Four months after the hurly-burly of the hustings, 91 MPs will stride into Parliament this afternoon for a solemn ceremony that will mark the start of a new Singapore Government for five years.
They will be sworn in, taking an oath of allegiance to the country.
The line-up includes 21 first-timers, five of whom are office-holders. Two are already in Cabinet: Acting Education Ministers Ng Chee Meng, 47, and Ong Ye Kung, 46.
This pool of fresh faces is smaller than in the Parliament of 2011, when 30, or one-third, of the MPs were newcomers.
But all of Singapore's major ethnic groups are well represented among the 21, as are many of the leading professions and interest groups.
The range of private- and public-sector experience in the pool is also significant.
Together, these MPs will give voice to people's hopes and fears in an increasingly diverse society as well as ensure policies are inclusive.
President Tony Tan Keng Yam is expected to touch on these issues, among others, when he addresses the 13th Parliament at 8.30pm, in a speech that will outline the Government's goals and directions for its new five-year term.
In the following week, various ministries will lay out their plans in public statements, known as the Addenda to the President's Address.
MPs will debate the speech over five days, starting on Jan 25.
Meanwhile, new MPs interviewed said they are busy crafting and editing their maiden speeches, to reflect the various views they have collected after Singapore went to the polls on Sept 11.
Tanjong Pagar GRC MP Joan Pereira, 48, who was overseeing active ageing issues at the People's Association, said she will focus on caring for the elderly. Her Henderson-Dawson ward is largely a mature residential estate with a disproportionate number of elderly folk.
Across the island, in Tampines GRC, Mr Desmond Choo, 37, will focus on the young. Said the father of one, whose daughter Sarah was born two weeks after Polling Day: "Many younger residents, especially young parents, have given me feedback and ideas on how the Government can support them."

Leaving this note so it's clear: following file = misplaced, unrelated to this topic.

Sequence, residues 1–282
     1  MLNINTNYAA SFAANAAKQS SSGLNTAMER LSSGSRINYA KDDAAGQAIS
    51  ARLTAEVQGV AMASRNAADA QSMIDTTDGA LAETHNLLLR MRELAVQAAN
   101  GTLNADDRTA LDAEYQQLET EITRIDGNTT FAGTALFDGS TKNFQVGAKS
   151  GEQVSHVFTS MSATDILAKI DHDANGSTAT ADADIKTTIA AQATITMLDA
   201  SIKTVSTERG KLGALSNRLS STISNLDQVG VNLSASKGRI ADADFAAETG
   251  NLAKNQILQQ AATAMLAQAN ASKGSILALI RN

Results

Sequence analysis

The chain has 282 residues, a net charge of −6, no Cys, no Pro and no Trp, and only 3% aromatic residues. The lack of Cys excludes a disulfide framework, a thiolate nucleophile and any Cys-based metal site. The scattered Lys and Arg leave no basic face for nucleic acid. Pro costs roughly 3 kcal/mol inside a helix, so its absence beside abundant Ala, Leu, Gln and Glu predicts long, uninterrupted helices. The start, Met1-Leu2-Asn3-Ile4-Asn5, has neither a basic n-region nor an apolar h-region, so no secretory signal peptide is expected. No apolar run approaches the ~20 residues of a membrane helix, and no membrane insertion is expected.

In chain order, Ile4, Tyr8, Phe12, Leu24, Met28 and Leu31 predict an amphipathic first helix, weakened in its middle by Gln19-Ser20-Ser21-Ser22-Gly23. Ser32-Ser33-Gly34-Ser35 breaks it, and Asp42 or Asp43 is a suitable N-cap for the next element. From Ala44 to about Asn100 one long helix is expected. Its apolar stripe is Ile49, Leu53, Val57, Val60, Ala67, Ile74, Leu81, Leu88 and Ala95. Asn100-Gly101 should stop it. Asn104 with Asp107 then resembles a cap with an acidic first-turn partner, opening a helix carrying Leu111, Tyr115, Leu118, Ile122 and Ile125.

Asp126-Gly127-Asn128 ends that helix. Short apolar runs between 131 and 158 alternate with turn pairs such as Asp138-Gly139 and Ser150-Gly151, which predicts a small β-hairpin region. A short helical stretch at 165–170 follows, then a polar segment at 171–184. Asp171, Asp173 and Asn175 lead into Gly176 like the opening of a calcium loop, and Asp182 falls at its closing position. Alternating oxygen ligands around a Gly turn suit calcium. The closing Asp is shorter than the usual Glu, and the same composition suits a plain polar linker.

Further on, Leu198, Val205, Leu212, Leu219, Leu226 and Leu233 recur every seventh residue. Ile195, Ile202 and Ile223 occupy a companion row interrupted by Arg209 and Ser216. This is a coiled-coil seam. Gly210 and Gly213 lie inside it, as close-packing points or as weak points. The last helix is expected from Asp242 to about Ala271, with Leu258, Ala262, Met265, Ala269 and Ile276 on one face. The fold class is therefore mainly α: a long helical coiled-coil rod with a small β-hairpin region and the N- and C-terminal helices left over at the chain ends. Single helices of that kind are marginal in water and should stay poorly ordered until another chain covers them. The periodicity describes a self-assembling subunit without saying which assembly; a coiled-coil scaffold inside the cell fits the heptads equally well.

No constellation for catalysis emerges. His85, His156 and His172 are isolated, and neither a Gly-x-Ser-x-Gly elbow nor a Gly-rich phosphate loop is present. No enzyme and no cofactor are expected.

More infant and childcare facilities are on their wish list, he added.
The new MPs have also attended briefing sessions on parliamentary procedures. Still, several confess to first-time jitters.
Said Bishan-Toa Payoh GRC MP Saktiandi Supaat, 42: "Of course, I'm nervous about my first speech... I'm not sure what the reception will be. But the senior party members have been supportive, and that helps."
Some also acknowledged that they are still pondering what to wear for the swearing-in, which will be shown live on television.
Said Jurong GRC MP Rahayu Mahzam, 35: "I'm deciding between a pantsuit and a baju kurung."
Ms Pereira will wear a pantsuit to take the oath and a cheongsam for the President's address in the evening. "It's a formal event. My attire will suit the occasion," she said.
Mr Choo will don the suit he wore on his wedding day five years ago: "I'm glad I can still fit into it."
Among the 91 MPs are two Non-Constituency MPs, who are the opposition candidates with the best showing at the polls, to ensure the House has a minimum of nine opposition MPs at any one time.
Both are from the Workers' Party: Mr Leon Perera, a consultant, and Mr Dennis Tan, a lawyer, both 45.
Mr Perera said in a Facebook post on Wednesday that he had spent some time reflecting at his father's columbarium niche earlier in the day.
When asked about it yesterday, he told The Straits Times his thoughts were "on how much I owe to both my parents, who instilled in me such values as discipline, curiosity, humility and an interest in the wider society".
Who's who in the new Parliament http://str.sg/ZHCn